updated 3:06 PM EDT, Fri May 11, 2012
(CNN) -- As German Gen. Erwin Rommel chased British forces across the North African desert, a stray Royal Air Force fighter crashed in the blistering sands of the Egyptian Sahara on June 28, 1942. The pilot was never heard from again. The damaged Kittyhawk P-40 -- a couple of hundred miles from civilization -- was presumed lost forever.
In what experts consider nothing short of a miracle, a Polish oil company worker recently discovered the plane believed to have been flown by missing Flight Sgt. Dennis Copping. And almost 70 years after the accident, it's extraordinarily well-preserved.
Amazing they hadn't found this for 70 years! Even in the age of total global surveillance. The last find like this was about 15 yrs after the war, a B-24, the Lady Be Good in Libya. Look at that panel, just needs a dusting off and few glass covers replaced. Note the bullet, or flak holes. That Allison V-12 looks perfectly serviceable.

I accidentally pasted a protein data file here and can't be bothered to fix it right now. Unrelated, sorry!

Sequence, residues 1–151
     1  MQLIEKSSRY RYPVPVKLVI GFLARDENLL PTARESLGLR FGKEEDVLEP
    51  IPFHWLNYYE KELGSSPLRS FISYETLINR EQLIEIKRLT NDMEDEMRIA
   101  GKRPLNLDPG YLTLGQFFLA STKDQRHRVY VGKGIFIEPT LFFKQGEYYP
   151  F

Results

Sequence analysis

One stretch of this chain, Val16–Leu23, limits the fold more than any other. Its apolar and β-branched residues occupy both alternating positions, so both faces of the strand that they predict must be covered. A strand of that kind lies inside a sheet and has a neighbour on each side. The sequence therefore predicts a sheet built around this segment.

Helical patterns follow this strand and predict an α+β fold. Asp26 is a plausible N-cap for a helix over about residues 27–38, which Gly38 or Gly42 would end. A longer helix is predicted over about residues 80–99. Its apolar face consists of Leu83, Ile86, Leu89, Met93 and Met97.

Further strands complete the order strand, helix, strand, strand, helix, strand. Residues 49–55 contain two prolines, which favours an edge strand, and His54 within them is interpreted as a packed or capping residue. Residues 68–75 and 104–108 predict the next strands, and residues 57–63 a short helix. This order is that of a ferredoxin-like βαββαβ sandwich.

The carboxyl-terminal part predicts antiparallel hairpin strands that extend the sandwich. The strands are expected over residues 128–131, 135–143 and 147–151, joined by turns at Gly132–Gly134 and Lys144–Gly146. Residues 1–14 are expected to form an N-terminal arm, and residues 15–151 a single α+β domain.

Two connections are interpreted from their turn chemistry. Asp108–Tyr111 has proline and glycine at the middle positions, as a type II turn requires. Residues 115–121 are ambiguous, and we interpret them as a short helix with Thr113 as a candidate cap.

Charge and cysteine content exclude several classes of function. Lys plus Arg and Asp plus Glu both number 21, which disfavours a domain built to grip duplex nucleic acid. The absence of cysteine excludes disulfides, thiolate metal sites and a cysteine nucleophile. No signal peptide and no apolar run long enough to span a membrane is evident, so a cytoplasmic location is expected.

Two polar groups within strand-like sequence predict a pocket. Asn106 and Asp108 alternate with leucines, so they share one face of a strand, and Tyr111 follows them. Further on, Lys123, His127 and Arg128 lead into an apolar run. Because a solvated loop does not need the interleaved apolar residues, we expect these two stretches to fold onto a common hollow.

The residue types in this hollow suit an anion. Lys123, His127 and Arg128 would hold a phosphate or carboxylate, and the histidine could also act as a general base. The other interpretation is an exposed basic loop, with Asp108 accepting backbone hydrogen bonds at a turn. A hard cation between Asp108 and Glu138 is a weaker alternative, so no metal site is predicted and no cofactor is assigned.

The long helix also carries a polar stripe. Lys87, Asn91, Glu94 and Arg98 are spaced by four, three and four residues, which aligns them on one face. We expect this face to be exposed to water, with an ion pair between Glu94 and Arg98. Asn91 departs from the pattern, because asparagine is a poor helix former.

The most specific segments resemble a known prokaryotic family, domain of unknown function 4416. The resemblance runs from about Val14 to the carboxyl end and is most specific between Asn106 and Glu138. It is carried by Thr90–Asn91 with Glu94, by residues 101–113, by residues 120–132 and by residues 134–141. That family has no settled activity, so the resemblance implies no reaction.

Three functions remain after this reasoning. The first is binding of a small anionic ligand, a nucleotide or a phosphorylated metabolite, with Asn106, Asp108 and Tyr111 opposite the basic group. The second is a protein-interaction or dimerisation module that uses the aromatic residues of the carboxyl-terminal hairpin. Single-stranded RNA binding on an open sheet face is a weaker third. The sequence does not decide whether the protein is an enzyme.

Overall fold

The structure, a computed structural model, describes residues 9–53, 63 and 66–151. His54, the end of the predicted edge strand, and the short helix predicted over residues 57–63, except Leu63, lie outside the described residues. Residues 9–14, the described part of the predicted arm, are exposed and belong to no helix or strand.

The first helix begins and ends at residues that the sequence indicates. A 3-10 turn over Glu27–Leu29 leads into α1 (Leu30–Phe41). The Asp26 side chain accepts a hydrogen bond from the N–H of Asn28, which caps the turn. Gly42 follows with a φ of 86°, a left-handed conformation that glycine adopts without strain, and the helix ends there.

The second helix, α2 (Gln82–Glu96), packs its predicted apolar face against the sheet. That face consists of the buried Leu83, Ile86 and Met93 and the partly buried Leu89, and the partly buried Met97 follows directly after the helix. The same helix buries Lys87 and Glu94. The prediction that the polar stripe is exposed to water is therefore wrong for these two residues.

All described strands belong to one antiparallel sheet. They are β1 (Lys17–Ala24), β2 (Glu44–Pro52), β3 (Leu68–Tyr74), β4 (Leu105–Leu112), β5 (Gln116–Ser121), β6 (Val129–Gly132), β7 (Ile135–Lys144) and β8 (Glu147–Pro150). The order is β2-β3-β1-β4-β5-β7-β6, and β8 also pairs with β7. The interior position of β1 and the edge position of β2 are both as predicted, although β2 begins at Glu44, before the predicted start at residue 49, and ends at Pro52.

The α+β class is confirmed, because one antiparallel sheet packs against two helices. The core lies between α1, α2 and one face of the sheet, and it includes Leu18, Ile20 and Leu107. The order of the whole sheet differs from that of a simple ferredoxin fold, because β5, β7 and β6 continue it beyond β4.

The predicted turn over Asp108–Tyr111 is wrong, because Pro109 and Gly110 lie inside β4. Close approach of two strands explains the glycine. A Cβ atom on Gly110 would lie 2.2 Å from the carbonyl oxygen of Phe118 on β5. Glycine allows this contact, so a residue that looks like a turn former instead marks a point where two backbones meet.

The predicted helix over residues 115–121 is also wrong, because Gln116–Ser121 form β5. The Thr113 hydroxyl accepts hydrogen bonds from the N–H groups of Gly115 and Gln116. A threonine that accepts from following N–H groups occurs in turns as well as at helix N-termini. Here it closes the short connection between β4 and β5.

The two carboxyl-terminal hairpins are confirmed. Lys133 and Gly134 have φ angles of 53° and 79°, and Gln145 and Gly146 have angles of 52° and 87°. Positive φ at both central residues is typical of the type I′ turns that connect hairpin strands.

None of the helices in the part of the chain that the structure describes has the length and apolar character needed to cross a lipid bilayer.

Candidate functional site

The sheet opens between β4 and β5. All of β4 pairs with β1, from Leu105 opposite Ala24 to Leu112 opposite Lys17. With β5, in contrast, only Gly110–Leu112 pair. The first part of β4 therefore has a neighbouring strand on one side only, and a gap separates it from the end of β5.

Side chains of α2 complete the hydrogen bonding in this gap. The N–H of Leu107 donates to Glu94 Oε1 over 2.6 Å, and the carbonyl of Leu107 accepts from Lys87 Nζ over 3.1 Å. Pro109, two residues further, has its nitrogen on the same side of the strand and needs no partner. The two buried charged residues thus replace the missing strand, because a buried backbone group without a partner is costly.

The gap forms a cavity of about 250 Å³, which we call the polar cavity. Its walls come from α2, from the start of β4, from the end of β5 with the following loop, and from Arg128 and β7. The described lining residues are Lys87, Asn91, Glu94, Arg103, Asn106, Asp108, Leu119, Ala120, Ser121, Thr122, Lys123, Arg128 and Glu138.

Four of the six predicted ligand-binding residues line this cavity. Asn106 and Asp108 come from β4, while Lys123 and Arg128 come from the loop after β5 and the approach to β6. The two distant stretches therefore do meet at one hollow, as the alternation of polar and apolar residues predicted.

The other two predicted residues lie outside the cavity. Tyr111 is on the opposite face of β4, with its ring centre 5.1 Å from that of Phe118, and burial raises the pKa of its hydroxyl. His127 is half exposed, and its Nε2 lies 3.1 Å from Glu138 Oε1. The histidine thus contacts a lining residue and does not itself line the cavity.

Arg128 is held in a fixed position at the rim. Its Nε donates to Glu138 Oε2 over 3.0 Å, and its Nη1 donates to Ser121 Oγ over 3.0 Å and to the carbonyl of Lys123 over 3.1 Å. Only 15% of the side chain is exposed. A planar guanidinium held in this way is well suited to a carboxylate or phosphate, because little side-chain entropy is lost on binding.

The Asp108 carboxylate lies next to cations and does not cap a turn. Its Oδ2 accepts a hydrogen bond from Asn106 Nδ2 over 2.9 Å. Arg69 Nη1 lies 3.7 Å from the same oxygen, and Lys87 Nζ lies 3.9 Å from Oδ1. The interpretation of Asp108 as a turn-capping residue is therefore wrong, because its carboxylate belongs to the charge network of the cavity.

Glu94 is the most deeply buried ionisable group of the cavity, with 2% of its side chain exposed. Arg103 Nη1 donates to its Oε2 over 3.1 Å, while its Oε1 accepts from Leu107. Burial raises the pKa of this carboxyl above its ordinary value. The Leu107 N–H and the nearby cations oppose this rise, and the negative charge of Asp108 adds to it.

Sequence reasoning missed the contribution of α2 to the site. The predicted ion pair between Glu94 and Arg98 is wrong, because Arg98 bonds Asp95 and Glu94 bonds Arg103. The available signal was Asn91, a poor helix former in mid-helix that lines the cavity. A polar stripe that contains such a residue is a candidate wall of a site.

It really makes me admire and pity these young pilots with ltd. training and comparatively crude instruments sent to war to die so terribly. I read a book called "War Pilot" --a collection of air stories, where a young P-40 pilot got lost over New Guinea in the 40's and had to bail out into a jungle full of crocs and headhunters. He had been forced to avoid thunderheads 50,000 ft high and got disoriented, ran out of fuel, and was launched literally into the forest primeval. He contracted malaria. Used a lighter to keep headhunters at bay, and was finally traded like cattle between tribes, almost cooked until the drums of the jungle telegraph informed the natives that he was worth a few sacks of rice. They then took him to a trading post where he was rescued. Imagine that!
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A state of war only serves as an excuse for domestic tyranny. -Alexander Solzhenitsyn, Soviet dissident
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